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HMRC campaign – credit card sales

Posted by: edwinsmith on April 30th, 2015

HMRC are currently running a campaign aimed at taxpayers who accept card payments for goods or services who have not declared all their UK tax liabilities.

HMRC has details of all credit and debit card payments to UK businesses which they can use to identify individuals and businesses who may not have paid what they owe.  If you have not declared all your income and HMRC catch you, you will have to pay the undeclared tax, a penalty of up to double the tax you owe, and you could even go to prison if they pursue a criminal prosecution.

It is important for individuals to use this campaign to come forward and declare all their income under a ‘voluntary disclosure’ in order to obtain best terms for penalties. Under this campaign an individual will have four months to pay any additional liabilities from the date they receive HMRC’s acknowledgement of their notification.

Further information can be obtained here on HMRC website or please contact us for further advice.

Charity audit threshold increase

Posted by: edwinsmith on April 22nd, 2015

The government has increased the income threshold for the statutory audit of charity accounts from £500,000 to £1 million. This comes into effect for charity accounts with accounting periods ending 31 March 2015 onwards.

Also where gross assets of a charity exceed £3.26 million then if the income exceeds £500k (from £250k) a statutory audit will still be required.

Charities that can take advantage of the audit threshold increase will still require an Independent Examination if their gross income is over £25,000. With an Independent Examination there is less work involved than a full audit (although there are still Charity Commission Directions that need to be completed/followed as part of examination work). Unlike a full audit the internal financial internal controls operating within the charity would not be checked. Compared to an audit report the examination report will provide a more limited form of security but the report must still, as quoted from guidance below.

‘● confirm that no evidence has been found that suggests certain things have not been done by the charity, such as not maintaining proper accounting records; and

● provide a statement on specific matters that have come to their attention as the result of the examination procedures specified in the Directions.’

Please contact us  for further advice on charity accounts etc.

Filed under: Audit, Charities

Abolition of Employers National Insurance Contributions (NICs) for under 21s

Posted by: edwinsmith on April 15th, 2015

From 6 April 2015 employers with employees under 21 will no longer have to pay Employer NICs on earnings up to the upper earnings limit (2015/16 £42,385).

The zero rate won’t apply to Class 1A or Class 1B NIC’s – e.g. where employee has a chargeable benefit in kind for NIC purposes from employment.

This measure will not affect the individual’s state pension entitlement.

Employers need to be aware that this change has resulted in new NIC category letters and if employing someone aged over 16 but under 21 then a new NIC category letter will need to be selected. It is the employer’s responsibility to ensure the correct letter is selected.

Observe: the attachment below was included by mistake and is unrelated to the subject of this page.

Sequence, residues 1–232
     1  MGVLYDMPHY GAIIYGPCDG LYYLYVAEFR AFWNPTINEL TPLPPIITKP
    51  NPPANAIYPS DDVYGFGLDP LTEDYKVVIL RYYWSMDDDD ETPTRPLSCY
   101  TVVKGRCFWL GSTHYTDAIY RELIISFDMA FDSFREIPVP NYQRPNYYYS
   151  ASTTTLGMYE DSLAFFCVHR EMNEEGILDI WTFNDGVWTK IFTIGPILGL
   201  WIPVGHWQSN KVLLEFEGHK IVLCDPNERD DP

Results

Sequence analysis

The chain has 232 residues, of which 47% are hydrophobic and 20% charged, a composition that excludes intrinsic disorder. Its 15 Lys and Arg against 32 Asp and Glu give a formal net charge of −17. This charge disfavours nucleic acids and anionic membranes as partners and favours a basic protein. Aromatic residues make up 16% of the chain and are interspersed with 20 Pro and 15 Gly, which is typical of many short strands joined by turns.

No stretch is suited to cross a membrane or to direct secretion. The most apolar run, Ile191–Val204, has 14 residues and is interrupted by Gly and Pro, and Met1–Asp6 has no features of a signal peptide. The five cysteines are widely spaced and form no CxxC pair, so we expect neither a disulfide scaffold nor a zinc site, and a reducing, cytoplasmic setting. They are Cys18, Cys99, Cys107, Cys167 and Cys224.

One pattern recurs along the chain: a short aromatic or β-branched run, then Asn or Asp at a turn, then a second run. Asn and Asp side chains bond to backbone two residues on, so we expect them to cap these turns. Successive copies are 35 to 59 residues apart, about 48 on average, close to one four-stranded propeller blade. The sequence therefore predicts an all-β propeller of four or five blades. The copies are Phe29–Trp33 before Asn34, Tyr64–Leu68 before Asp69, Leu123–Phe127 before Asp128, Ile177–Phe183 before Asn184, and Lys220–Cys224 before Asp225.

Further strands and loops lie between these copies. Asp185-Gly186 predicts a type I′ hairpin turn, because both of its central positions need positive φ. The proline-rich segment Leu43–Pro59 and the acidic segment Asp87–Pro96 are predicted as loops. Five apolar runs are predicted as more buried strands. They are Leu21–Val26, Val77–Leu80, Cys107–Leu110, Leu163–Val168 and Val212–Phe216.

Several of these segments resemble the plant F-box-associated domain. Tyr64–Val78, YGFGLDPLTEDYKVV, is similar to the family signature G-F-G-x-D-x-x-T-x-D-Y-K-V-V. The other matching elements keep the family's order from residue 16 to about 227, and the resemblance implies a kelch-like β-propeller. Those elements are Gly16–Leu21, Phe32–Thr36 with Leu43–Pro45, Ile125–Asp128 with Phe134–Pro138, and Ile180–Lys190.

The 7 categories are:

  1. M - not contracted-out standard rate contributions
  2. Z - not contracted-out deferred rate contributions
  3. Y - mariners not contracted-out standard rate contributions
  4. P - mariners not contracted-out deferred rate contributions
  5. V - mariners contracted-out salary related contributions
  6. I - contracted-out salary related standard rate contributions
  7. K - contracted-out salary related deferred rate contributions

Three of the new letters (V, I and K) will be removed in April 2016 in line with the ending of ‘contracted-out’ status in relation to salary-related occupational pension schemes.

For full details please refer to HMRC - Abolition of Employers NICs for under 21s

Please contact us  for further advice on operating payroll etc.

Transfer of tax allowances for married couples and civil partners

Posted by: edwinsmith on April 8th, 2015

It was announced in the 2013 autumn statement that from 6 April 2015 tax allowances could be transferred between certain married couples /civil partnerships. Where neither spouse/civil partner pays more than the basic rate of tax then a spouse/civil partner who is unable to use all their personal allowances will be able to transfer up to £1,060 of their unused allowance to their spouse/civil partner.

This benefits couples (married/civil partnerships) where one spouse/civil partner has a total income less than their personal allowance (for 2015/16 £10,600). The recipients of the allowance will be able to reduce their tax liability by up to £212 (£1,060 x 20%).

This transfer of allowances is not eligible to:

  1. Couple/civil partnerships where one/both pays tax at the higher/additional rate.
  2. Married couple already claiming the married couple allowance – this is where at least one of the couple was born before 6 April 1935.
  3. Non UK domiciled individuals who elect to pay tax on the remittance basis of tax or who would be higher rate or additional rate tax payers if their worldwide income was within the scope of UK tax.

Please contact us if you would like further assistance.

Filed under: Individuals, Tax